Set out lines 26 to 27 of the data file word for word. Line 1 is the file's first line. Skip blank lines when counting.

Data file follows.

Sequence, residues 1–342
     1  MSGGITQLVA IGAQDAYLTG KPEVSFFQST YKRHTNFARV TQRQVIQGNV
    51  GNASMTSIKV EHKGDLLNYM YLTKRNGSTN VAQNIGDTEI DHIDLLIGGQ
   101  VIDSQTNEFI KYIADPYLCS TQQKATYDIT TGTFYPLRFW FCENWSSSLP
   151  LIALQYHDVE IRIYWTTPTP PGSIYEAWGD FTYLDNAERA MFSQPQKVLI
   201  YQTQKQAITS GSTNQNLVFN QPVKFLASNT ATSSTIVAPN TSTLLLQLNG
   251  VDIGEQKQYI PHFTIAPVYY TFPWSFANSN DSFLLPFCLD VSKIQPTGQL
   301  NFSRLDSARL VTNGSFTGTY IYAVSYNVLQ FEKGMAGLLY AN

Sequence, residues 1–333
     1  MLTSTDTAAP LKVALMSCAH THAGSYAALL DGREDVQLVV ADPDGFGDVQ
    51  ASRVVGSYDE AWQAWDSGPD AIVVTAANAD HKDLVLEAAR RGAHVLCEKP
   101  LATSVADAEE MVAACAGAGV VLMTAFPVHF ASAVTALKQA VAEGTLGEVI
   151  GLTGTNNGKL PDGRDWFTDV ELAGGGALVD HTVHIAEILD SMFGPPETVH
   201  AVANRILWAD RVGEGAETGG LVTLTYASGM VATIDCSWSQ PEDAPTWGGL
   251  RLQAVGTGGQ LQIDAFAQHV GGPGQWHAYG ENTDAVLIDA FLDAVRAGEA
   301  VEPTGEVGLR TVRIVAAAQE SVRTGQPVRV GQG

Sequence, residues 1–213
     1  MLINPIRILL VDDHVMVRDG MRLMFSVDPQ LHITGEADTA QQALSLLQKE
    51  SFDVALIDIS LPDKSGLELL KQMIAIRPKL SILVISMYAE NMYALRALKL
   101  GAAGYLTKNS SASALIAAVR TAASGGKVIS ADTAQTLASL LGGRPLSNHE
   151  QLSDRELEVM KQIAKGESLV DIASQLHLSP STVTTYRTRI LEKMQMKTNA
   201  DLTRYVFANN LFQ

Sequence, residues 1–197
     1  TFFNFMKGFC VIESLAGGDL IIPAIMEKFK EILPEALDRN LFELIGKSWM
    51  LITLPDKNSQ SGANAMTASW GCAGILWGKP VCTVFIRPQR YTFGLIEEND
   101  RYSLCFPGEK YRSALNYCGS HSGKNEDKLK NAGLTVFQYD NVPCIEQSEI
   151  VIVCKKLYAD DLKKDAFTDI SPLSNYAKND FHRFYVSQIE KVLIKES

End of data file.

   101  RYSLCFPGEK YRSALNYCGS HSGKNEDKLK NAGLTVFQYD NVPCIEQSEI
   151  VIVCKKLYAD DLKKDAFTDI SPLSNYAKND FHRFYVSQIE KVLIKES